Think globally, dump locally

Tuesday, 24 July 2007 

So does the electorate want a fresh face or not?

The Australian’s Matt Price seems to think it does when it comes to Rudd v Howard, his colleague Dennis Shanahan thinks not when he’s reading Newspoll on Costello v Howard.

Maybe all the focus on face freshness is understandable given what seems the lack of policy difference between the figures but this election is still being ultimately decided on policy. No matter how unfashionable it is to say it in Australia, behind all the chatter around grocery prices, housing, health and the economy, it is international events that are the decider in this election, especially the difference between the government and Labor on Iraq and the new global agenda on climate change. A new Labor leader may have sped this up but not altered the better fit between Labor’s agenda and the changes in global politics. That is not to say the government could not have reacted to the changes in the global agenda, but it would have required a challenger to do so and Costello is not the man.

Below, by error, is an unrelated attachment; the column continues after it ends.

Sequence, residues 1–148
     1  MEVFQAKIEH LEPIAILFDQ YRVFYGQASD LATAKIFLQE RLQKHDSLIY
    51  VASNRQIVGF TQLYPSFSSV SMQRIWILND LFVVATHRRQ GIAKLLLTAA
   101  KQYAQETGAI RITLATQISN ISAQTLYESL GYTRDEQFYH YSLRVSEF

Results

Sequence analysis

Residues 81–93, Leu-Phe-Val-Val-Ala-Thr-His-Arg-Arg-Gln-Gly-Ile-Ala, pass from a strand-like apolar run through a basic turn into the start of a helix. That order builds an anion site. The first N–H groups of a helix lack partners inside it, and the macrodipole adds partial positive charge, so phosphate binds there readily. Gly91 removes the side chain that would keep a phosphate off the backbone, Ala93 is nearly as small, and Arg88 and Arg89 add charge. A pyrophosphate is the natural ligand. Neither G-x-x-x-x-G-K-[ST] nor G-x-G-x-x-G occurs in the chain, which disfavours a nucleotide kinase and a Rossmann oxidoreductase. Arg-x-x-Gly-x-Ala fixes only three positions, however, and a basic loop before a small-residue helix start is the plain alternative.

By adopting an environmental agenda for international purposes, it does change Labor’s relation to the Greens domestically. The anti-growth agenda of the environmental lobby has never been a comfortable one for a governing party like the ALP. Taking global warming as an international issue does give Labor more room to dump the Greens on which it has relied politically for almost a quarter of a century. Rudd’s abandonment of Labor’s opposition to logging in Tasmania (while promising $8m to investigate the effects of it on climate change!) signals this shift.

Posted by The Piping Shrike on Tuesday, 24 July 2007.

Filed under Political figures

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